Cyprus announced a new assistance package for businesses and employees on Wednesday, which is oriented towards helping the tourism sector survive the impact of the coronavirus pandemic crisis.
Details of the scheme were jointly presented by Minister of Labour, Welfare and Social Insurance Zeta Emilianidou, and Minister of Finance Constantinos Petrides, who called the current phase of the economy one of recovery.
Petrides said that under the scheme, the government will add 150 million euros (168 million U.S. dollars) to its two previous schemes, raising the total amount of grants to businesses and employees to 1.2 billion euros, or close to 5.6 percent of the gross domestic product (GDP).
He added that the government also provided liquidity assistance amounting to 1.7 billion euros.
He said the money will be paid directly to hoteliers and owners of other tourist accommodation who will agree not to lay off any of their staff and continue paying their salaries.
Emilainidou said that in order to become eligible to benefit under the scheme, hotels need to offer attractive packages for local vacations to the population.
The scheme will apply until Oct. 12, when the tourist industry is expected to have generated enough income to stand on its own feet.
Similar grants will also be given to other tourism-related businesses, such as car rentals and restaurants.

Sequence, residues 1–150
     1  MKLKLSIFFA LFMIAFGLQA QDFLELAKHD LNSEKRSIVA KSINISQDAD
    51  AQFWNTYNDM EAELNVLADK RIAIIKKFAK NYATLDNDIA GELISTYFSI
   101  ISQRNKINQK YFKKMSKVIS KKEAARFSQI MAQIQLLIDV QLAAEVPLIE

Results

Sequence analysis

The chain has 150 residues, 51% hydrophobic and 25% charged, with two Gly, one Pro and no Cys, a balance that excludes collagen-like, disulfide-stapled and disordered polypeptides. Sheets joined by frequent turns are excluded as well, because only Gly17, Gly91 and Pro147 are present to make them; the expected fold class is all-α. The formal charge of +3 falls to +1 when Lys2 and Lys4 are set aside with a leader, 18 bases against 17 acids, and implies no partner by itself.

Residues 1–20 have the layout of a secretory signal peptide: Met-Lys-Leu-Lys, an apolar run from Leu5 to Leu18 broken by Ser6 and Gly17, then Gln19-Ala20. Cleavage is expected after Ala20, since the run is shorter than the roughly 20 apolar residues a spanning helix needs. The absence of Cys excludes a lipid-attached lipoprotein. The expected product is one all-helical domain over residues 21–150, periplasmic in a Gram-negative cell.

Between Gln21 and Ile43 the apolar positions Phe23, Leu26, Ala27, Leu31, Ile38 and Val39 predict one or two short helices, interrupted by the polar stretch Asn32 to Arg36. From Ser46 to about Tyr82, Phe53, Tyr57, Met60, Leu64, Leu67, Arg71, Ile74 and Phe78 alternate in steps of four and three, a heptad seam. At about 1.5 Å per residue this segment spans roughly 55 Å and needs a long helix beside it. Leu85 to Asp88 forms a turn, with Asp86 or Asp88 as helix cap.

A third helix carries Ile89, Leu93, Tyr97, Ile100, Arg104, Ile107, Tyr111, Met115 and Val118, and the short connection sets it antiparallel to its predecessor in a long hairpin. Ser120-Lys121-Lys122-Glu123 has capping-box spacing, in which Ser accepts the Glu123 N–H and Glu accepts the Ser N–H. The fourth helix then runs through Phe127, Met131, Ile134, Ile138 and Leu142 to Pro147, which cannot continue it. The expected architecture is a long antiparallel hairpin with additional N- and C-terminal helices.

Other beneficiaries of the current scheme are businesses that either remained totally closed during the pandemic–such as night clubs, theaters and cinemas — or will not resume operation at all.
In a speech to a Cyprus-Greece conference on tourism, Deputy Minister for Tourism Savvas Perdios said that he expected only 30 percent of last year’s total number of 4 million tourists to visit Cyprus by the end of 2020.
“It will be the most difficult year for Cyprus tourism and everything depends on the epidemiological situation, not only on the island, but also in the countries which are the main source of tourism,” Perdios said.
He added that it would be a success if 50 percent of tourists come from the traditional markets of Britain and Russia, 35 percent from second-line countries, such as Germany, Greece, Israel and the Scandinavian countries, with the remaining 15 percent coming from the local population.